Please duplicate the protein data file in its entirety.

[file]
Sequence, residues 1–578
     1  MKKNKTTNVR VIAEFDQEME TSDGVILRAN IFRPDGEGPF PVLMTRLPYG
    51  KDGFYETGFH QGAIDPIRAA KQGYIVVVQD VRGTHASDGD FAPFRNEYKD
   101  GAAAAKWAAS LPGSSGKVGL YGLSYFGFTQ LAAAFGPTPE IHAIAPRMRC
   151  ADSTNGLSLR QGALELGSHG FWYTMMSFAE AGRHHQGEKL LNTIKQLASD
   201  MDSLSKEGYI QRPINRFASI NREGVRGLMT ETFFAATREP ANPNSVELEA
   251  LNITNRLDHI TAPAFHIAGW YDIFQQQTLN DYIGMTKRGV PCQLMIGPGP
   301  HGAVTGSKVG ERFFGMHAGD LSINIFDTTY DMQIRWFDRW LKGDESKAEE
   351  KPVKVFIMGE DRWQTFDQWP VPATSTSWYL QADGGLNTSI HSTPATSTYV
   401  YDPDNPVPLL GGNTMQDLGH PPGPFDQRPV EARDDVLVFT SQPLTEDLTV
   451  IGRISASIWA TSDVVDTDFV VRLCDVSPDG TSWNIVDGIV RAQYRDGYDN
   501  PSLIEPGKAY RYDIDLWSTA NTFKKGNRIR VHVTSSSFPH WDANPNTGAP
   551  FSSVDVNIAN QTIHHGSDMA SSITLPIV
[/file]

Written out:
Sequence, residues 1–578
     1  MKKNKTTNVR VIAEFDQEME TSDGVILRAN IFRPDGEGPF PVLMTRLPYG
    51  KDGFYETGFH QGAIDPIRAA KQGYIVVVQD VRGTHASDGD FAPFRNEYKD
   101  GAAAAKWAAS LPGSSGKVGL YGLSYFGFTQ LAAAFGPTPE IHAIAPRMRC
   151  ADSTNGLSLR QGALELGSHG FWYTMMSFAE AGRHHQGEKL LNTIKQLASD
   201  MDSLSKEGYI QRPINRFASI NREGVRGLMT ETFFAATREP ANPNSVELEA
   251  LNITNRLDHI TAPAFHIAGW YDIFQQQTLN DYIGMTKRGV PCQLMIGPGP
   301  HGAVTGSKVG ERFFGMHAGD LSINIFDTTY DMQIRWFDRW LKGDESKAEE
   351  KPVKVFIMGE DRWQTFDQWP VPATSTSWYL QADGGLNTSI HSTPATSTYV
   401  YDPDNPVPLL GGNTMQDLGH PPGPFDQRPV EARDDVLVFT SQPLTEDLTV
   451  IGRISASIWA TSDVVDTDFV VRLCDVSPDG TSWNIVDGIV RAQYRDGYDN
   501  PSLIEPGKAY RYDIDLWSTA NTFKKGNRIR VHVTSSSFPH WDANPNTGAP
   551  FSSVDVNIAN QTIHHGSDMA SSITLPIV